The beginning of a new football season marks the return of a game loved by football fans everywhere: fantasy football. Fantasy football is a competitive game in which players draft imaginary teams composed of real football players, and score points based on their players’ real-life weekly performance. For many avid players, however, there is much more to fantasy football than just picking players and setting a lineup.
The fantasy football season starts every year with a draft, where league members select NFL players to fill out a team. Many serious leagues have some sort of draft day tradition.
“In my league, we always get together every year for a draft party,” junior Charlie Cavanagh said. “We get food and just hang out and have a good time.”
For many players, the draft process is the most enjoyable part of playing the game.
“The draft is my favorite part of the year,” junior Matt McCurry said. “I enjoy doing the research for the draft and it makes me optimistic for the season ahead.”
Traditionally, fantasy football leagues require you to start with one quarterback, two running backs, two wide receivers, one tight end, one flex (choice between an extra running back, wide receiver or tight end), one kicker and one team defense in your lineup. Rosters also include six-seven bench players that are backups in case the starters get injured. Every week, players set their lineups with the athletes that they think will perform the best in terms of yardage gained and touchdowns scored. However, having a bad draft does not necessarily doom the season. Players can trade their players, or add undrafted or dropped players from the free agent pool to improve their rosters.
In most fantasy leagues, running backs, wide receivers, and tight ends earn one fantasy point for every 10 yards gained rushing or receiving, and six fantasy points for each touchdown scored. Quarterbacks earn one fantasy point for 25 yards passing, and four points for a passing touchdown. Kickers earn points for making field goals based on distance, and Team Defenses earn points based on getting team stats such as sacks, interceptions and fumbles forced.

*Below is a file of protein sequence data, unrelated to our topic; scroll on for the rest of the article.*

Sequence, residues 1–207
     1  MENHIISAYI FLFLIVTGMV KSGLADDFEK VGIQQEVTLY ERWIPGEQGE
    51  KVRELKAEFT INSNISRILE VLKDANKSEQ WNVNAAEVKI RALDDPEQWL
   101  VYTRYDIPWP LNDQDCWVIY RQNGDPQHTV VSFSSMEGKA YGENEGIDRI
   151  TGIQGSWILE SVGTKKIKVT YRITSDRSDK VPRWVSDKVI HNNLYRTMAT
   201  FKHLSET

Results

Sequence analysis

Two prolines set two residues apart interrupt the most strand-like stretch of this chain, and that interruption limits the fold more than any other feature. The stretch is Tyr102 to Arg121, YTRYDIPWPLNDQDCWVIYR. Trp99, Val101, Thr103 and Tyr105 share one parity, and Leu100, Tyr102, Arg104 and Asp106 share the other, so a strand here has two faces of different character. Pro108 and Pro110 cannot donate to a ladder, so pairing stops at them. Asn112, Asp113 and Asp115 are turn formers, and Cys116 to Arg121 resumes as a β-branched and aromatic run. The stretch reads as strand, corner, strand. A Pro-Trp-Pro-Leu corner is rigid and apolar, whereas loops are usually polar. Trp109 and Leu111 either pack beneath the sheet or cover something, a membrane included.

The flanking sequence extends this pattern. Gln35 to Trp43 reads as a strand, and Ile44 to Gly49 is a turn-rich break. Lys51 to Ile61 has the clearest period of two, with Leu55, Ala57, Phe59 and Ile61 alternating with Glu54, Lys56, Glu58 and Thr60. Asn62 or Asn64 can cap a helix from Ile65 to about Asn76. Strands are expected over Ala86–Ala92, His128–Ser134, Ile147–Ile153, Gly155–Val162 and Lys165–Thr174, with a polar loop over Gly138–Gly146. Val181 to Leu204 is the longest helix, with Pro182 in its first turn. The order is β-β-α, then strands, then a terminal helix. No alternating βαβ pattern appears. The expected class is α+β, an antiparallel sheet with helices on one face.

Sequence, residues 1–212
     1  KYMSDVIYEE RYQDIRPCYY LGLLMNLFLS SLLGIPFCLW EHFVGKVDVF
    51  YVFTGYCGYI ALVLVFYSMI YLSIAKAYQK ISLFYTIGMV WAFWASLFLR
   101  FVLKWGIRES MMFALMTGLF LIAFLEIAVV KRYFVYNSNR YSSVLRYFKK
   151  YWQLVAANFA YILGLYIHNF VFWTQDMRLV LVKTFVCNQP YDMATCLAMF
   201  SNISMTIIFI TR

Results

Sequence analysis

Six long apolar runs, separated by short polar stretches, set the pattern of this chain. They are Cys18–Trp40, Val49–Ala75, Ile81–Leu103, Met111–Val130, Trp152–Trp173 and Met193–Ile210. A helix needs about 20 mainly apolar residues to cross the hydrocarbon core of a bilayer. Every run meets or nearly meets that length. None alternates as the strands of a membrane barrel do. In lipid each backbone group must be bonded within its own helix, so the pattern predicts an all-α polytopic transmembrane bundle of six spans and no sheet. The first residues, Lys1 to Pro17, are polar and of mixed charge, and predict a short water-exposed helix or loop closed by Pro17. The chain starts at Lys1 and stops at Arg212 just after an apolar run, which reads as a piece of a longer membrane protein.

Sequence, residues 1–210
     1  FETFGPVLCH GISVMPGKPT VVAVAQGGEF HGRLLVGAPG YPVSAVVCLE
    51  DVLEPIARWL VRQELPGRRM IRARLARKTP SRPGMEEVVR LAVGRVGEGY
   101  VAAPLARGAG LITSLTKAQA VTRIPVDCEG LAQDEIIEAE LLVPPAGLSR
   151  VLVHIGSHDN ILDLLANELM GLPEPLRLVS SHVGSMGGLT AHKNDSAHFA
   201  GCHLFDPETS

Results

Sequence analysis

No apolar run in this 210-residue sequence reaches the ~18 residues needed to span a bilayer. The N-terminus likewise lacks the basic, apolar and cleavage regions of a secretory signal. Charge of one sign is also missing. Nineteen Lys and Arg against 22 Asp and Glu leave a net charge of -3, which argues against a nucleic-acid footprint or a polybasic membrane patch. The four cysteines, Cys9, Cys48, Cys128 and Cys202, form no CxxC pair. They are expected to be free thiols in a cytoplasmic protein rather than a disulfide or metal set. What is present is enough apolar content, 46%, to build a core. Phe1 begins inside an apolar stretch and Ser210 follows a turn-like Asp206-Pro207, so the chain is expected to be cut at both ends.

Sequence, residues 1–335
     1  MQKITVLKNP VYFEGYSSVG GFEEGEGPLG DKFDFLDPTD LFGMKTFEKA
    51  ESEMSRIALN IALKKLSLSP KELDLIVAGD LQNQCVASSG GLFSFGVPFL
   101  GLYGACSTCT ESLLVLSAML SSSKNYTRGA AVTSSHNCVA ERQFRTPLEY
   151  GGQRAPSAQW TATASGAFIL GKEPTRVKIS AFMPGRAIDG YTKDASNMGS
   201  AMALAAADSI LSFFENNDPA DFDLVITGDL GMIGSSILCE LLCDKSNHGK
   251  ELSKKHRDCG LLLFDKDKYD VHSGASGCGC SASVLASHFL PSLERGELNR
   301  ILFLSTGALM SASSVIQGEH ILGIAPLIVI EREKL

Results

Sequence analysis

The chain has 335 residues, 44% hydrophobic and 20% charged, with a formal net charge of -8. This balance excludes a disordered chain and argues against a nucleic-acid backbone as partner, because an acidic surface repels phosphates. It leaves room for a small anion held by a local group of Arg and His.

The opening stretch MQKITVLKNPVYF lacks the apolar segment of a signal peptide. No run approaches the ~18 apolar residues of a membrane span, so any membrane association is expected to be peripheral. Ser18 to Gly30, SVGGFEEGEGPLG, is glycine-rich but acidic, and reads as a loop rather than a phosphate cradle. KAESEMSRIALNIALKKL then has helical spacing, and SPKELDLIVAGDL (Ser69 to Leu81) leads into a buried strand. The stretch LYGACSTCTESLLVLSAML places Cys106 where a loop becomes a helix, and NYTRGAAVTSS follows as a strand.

Beyond draft day traditions, some leagues also have punishments for the worst player in the league.
“This year, the last place finisher of the league will have to do the flatliner challenge [at Buffalo Wing Factory],” junior Zach Carter said. “The whole idea is there to add even more motivation to keep updated with the league.”
In most leagues, players match up weekly, and the winner is determined by which team’s starting lineup scores the most points for the week. After 13 or 14 weeks, the top teams make the playoffs, and the winner of the playoff bracket is deemed the winner of the league. Other leagues play without matchups, and instead select the winner based on the team that scored the most overall points throughout the entire season.
Although playing by most overall points is theoretically the more fair way of determining a champion, weekly matchups add to the thrill of playing fantasy football.
“We play by matchups because it makes it more intense week to week,” Cavanagh said. “It’s more fun to compete directly in matchups against my friends than it is to just play by total points.”